A Door to the World or to Just a Handful of Anglo Cultures? English as a Lingua Franca and Students’ Orientations toward English

| June 29, 2012
A Door to the World or to Just a Handful of Anglo Cultures? English as a Lingua Franca and Students Orientations toward English

Keywords:  English as a lingua franca, intelligibility, linguistic capital, norms

Mark Fifer Seilhamer
Nagoya University of Commerce and Business, Japan

Bio Data
Mark Fifer Seilhamer has taught English and linguistics courses in California, Hawaii, Guam, Taiwan, Singapore, and Japan. He recently earned a Ph.D. from National University of Singapore and is presently an assistant professor at Nagoya University of Commerce and Business in Japan. His research interests include language & identity and the politics of English as a global language.

In applied linguistics circles, one of the most polarizing issues related to the global spread of English has been the English as a lingua franca (ELF) research paradigm, which focuses on English use for communication among speakers who did not learn English as a native language (ENL). ELF proponents maintain that non-native speaker interactions in which speakers have little use for native-speaker norms constitute much (perhaps even the majority of) English use in the world today, and that intelligibility and the development of communication strategies should, therefore, be the primary instructional objectives in many EFL teaching contexts. ELF critics, however, charge that a focus on mere intelligibility deprives learners of the valuable linguistic capital that comes with adherence to ENL norms and, furthermore, argue that EFL students themselves desire these native speaker norms. Teachers that recognize valid arguments on both sides of this debate are thus faced with the dilemma of deciding whether to emphasize ELF, emphasize ENL, or try to balance the two perspectives in their classrooms. Reporting qualitative data from my own multi-case study of Taiwanese learners/users of English, I will discuss students orientations toward English their associations of English with specific traditionally English-speaking countries (such as the U.S. and the U.K.) versus associations of the language with an imagined global community of English users. I will then proceed to discuss various ways that I have personally attempted to balance the ELF and ENL perspectives in my own English courses in Japan.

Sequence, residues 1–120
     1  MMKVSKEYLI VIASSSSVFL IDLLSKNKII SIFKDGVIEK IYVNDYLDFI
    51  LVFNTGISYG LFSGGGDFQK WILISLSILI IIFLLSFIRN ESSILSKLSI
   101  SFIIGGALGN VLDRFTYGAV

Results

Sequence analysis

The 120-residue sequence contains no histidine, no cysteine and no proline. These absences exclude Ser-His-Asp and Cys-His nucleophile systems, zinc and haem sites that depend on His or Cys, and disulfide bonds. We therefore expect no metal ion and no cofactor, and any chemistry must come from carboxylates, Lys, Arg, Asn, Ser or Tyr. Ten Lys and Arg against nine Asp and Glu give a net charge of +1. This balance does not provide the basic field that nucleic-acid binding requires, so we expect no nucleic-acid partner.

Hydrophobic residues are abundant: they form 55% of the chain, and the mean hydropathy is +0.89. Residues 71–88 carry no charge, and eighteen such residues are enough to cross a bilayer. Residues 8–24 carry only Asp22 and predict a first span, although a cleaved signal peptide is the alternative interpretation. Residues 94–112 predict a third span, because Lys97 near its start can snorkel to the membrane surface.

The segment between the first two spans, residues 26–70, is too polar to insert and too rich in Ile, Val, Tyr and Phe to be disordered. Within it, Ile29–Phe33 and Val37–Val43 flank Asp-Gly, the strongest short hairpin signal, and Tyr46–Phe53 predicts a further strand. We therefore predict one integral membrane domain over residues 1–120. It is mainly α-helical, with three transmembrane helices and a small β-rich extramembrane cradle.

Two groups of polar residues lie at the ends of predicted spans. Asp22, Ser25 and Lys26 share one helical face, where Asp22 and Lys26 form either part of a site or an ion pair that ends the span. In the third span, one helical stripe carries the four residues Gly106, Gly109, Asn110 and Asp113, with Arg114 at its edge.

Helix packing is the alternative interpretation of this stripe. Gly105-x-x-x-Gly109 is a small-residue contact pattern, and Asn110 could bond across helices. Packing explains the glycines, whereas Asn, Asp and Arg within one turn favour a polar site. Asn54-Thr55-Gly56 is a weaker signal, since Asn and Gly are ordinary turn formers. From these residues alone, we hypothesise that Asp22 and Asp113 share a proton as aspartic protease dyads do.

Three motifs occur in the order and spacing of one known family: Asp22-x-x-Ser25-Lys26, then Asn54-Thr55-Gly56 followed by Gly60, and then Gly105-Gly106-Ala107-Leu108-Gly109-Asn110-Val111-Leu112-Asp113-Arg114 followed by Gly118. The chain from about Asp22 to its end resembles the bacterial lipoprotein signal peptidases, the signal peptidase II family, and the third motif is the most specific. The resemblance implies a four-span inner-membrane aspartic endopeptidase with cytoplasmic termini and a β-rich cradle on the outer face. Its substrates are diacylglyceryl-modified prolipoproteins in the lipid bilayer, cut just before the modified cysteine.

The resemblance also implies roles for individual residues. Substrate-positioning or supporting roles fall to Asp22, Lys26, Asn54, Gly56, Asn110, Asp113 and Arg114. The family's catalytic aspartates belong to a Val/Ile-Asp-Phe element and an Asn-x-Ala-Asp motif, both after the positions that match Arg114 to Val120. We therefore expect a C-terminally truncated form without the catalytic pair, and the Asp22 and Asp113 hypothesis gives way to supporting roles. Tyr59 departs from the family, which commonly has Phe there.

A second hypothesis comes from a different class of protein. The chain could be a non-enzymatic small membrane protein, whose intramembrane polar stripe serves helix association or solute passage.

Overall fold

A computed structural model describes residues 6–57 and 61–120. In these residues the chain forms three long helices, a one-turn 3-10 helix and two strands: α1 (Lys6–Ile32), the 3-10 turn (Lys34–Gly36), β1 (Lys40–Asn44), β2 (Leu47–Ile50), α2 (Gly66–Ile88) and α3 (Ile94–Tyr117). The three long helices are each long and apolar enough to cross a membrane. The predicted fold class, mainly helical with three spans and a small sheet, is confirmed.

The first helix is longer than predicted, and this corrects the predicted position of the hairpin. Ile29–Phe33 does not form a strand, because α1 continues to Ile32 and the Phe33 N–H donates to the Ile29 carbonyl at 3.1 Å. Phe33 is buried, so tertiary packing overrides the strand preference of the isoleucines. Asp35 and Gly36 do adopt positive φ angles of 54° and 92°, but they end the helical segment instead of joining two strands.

[private] See page: 69-90

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Category: Teaching Articles, Volume 61